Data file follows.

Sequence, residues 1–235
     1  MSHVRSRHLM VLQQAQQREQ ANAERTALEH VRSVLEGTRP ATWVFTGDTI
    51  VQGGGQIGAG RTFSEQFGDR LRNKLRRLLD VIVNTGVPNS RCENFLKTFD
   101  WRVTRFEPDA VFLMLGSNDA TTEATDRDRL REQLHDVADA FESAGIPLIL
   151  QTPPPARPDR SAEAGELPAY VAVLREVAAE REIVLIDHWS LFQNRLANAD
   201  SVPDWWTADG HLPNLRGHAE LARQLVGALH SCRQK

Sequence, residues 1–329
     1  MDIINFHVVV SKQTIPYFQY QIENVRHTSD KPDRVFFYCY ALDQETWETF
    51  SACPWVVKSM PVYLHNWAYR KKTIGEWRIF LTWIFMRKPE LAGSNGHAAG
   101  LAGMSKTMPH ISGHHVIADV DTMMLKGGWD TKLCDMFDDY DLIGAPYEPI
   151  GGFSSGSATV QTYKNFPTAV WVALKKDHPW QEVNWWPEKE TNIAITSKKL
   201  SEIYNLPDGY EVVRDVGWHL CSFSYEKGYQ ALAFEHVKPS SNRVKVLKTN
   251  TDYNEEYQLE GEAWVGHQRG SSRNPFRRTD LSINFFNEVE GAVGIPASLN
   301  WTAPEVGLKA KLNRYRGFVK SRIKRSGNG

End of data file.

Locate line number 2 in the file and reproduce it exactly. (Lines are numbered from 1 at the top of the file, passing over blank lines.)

     1  MSHVRSRHLM VLQQAQQREQ ANAERTALEH VRSVLEGTRP ATWVFTGDTI